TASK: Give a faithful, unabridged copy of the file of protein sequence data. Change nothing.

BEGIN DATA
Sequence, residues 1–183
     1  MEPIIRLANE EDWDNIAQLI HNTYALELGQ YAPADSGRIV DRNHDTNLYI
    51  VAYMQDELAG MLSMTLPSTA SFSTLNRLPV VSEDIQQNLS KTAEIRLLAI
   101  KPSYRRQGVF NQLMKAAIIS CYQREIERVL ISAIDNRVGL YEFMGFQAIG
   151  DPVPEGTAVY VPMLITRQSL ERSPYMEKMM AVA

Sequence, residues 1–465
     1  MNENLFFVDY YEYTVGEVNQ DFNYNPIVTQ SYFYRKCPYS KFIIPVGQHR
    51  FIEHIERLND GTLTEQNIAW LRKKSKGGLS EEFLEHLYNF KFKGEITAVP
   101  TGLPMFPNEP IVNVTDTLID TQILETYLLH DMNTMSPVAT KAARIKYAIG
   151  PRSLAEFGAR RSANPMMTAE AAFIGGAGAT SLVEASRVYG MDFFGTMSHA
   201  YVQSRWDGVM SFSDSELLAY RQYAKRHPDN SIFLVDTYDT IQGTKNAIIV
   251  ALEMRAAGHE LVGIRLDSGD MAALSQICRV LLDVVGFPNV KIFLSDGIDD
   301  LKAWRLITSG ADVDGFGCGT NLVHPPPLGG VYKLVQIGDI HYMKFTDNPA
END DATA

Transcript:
Sequence, residues 1–183
     1  MEPIIRLANE EDWDNIAQLI HNTYALELGQ YAPADSGRIV DRNHDTNLYI
    51  VAYMQDELAG MLSMTLPSTA SFSTLNRLPV VSEDIQQNLS KTAEIRLLAI
   101  KPSYRRQGVF NQLMKAAIIS CYQREIERVL ISAIDNRVGL YEFMGFQAIG
   151  DPVPEGTAVY VPMLITRQSL ERSPYMEKMM AVA

Sequence, residues 1–465
     1  MNENLFFVDY YEYTVGEVNQ DFNYNPIVTQ SYFYRKCPYS KFIIPVGQHR
    51  FIEHIERLND GTLTEQNIAW LRKKSKGGLS EEFLEHLYNF KFKGEITAVP
   101  TGLPMFPNEP IVNVTDTLID TQILETYLLH DMNTMSPVAT KAARIKYAIG
   151  PRSLAEFGAR RSANPMMTAE AAFIGGAGAT SLVEASRVYG MDFFGTMSHA
   201  YVQSRWDGVM SFSDSELLAY RQYAKRHPDN SIFLVDTYDT IQGTKNAIIV
   251  ALEMRAAGHE LVGIRLDSGD MAALSQICRV LLDVVGFPNV KIFLSDGIDD
   301  LKAWRLITSG ADVDGFGCGT NLVHPPPLGG VYKLVQIGDI HYMKFTDNPA